Dear Eddie; I have a daughter who has trichotillomania, very low self-esteem and anxiety. She has been like this for three years.
She was assessed by CAMHS (Child and Adolescent Mental Health Services) this year, they found no diagnosis, and she is no longer attending.
She was given techniques to use to help with her anxiety, but doesn’t find them useful.
I bring her for sacral cranial therapy, but I don’t think she gets much from it.
She has managed to make a few friends, but she still finds it hard to mix socially outside of school.
She likes very little about herself, and the loss of her hair is now a huge source of anxiety.
She fears that it may never come back and ironically the anxiety caused from the lack of hair, only brings on urges to continue to pull.
Her school work is suffering badly now, interest in school and other activities is poor, she is finding ways to avoid school.
She has always been strong academically, a high achiever, so this present attitude is completely out of character.
Home life is suffering also. Life is very stressful. I feel that if she could get her hair back then her confidence would improve, and she might be less stressed.
Dr Eddie, I’m running out of solutions, and I don’t know where to turn next.
All I do know is that I’m watching a bright, healthy girl ruining her own life.
Thanks, Mary, Cork
Dr Eddie says: Dear Mary, I can feel your stress. There is a lot going on for your daughter, which seems to stem from her fears.
Too often when children don’t hit certain clinical thresholds, they are deemed unsuitable for CAMHS.
In my view that threshold is too high. We need a one stop shop where children and families are supported when they hit times of struggle.
Firstly, research trials have found insufficient evidence to support ANY specific therapeutic effect of craniosacral therapy.
What is Trichotillomania?
Trichotillomania, otherwise known as ‘Trich’ is often not discussed due to embarrassment. People who have Trich pull out hair from their scalp, eyelashes, eyebrows or other areas. It can result in noticeable bald patches or no eyelashes.
This differs from Alopecia where people lose their hair involuntarily.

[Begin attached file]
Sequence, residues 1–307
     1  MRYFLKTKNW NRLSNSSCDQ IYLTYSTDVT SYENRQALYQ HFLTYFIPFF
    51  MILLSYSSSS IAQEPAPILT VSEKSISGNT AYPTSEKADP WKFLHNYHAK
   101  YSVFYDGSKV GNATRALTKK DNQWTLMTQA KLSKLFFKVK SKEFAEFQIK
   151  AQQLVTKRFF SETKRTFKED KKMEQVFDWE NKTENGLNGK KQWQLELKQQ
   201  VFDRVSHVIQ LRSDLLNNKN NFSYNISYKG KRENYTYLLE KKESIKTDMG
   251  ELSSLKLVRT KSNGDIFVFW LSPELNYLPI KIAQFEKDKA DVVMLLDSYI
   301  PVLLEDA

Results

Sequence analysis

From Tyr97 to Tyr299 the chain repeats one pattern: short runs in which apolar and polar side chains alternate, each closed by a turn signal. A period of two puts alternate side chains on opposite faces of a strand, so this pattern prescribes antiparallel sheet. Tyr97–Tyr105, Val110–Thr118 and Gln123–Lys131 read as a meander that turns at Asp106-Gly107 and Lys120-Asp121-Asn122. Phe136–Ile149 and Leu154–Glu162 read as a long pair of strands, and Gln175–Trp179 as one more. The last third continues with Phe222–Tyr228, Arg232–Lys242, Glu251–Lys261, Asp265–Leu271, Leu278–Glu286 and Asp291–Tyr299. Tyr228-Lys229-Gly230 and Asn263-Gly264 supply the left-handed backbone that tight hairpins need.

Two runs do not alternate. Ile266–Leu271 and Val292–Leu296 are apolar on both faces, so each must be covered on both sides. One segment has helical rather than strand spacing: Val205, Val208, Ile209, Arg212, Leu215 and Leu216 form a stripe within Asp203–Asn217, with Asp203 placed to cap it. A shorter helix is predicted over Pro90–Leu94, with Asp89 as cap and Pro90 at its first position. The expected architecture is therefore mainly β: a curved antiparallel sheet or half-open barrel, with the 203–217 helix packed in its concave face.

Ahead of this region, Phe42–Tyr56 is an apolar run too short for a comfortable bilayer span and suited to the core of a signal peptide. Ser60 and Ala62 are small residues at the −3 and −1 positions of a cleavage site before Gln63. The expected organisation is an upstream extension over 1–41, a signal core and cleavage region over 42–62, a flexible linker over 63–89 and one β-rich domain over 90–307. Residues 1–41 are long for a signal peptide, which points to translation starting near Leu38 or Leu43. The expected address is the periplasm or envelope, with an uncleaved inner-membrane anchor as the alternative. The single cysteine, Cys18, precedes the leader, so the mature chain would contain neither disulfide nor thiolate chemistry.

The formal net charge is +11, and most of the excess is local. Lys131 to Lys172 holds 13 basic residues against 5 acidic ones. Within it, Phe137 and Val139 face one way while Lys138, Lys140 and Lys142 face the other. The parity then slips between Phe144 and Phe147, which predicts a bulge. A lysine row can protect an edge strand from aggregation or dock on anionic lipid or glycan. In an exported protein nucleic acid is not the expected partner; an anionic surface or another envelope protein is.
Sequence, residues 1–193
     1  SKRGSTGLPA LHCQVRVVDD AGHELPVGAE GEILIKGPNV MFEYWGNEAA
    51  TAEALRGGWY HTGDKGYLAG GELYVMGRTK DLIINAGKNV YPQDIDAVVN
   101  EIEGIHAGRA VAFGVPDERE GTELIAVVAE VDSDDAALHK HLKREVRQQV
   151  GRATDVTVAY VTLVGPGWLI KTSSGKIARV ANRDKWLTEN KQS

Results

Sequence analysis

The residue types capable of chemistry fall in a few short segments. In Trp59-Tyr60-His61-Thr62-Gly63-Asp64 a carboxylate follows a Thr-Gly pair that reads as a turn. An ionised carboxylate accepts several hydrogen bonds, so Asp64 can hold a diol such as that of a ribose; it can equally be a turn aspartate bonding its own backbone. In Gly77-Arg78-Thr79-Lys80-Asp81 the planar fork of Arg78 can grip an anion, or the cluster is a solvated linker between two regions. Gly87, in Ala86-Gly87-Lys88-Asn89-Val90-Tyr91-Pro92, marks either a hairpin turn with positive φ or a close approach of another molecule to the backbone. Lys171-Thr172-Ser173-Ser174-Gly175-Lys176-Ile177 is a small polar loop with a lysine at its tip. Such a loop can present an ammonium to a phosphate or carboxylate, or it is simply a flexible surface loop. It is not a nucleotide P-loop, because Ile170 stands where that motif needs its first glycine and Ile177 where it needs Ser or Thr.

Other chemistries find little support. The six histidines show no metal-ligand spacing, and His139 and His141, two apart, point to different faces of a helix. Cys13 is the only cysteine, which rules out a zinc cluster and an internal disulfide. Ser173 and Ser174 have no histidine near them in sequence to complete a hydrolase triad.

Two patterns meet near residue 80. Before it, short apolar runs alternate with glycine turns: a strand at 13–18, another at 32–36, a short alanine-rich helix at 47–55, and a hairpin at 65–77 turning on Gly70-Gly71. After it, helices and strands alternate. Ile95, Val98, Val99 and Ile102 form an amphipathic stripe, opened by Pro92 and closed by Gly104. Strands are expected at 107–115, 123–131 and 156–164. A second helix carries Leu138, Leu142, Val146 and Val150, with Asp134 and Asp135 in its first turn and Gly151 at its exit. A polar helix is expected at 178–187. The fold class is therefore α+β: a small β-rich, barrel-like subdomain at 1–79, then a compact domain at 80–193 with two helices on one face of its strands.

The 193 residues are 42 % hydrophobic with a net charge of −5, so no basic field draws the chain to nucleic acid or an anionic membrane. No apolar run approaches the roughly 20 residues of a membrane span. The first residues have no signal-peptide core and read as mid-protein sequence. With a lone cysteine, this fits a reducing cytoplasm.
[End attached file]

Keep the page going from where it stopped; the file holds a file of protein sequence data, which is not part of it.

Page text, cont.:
Future research may bring more understanding about what causes the Trich disorder.
It affects one to two people in every 100.
It does appear to affect more women than men but some men may just be more embarrassed to seek help. It often develops in early adolescence.
What Can Be Done?
With appropriate treatment Trichotillomania is manageable. Many people with Trich lead active and fulfilling lives.
Cognitive Behavioural Therapy (CBT) with a particular focus on the behaviour part is important. Given the present of anxiety and self-esteem issues, cognitive strategies are important as well.
It is important for the person with Trich to check out a CBT therapist’s knowledge of this presentation.
Not all people who say that they use CBT are properly trained or fully understand Trich and the appropriate treatments.
I myself do not do this treatment.
Psychologists or behavioural therapists use habit reversal training and stimulus control techniques as the evidenced based approach.
There are good resources on www.ocdireland.org with some interesting upcoming public lectures around Trichotillomania.
Dr Eddie Murphy runs a psychological and counselling service in Portarlington, Co Laois. If you are organising a speaker or training for school, community, voluntary, sporting or work groups, call Dr Eddie on 087 1302899 or go to www.facebook.com/ dr.eddie.murphy.psychologist
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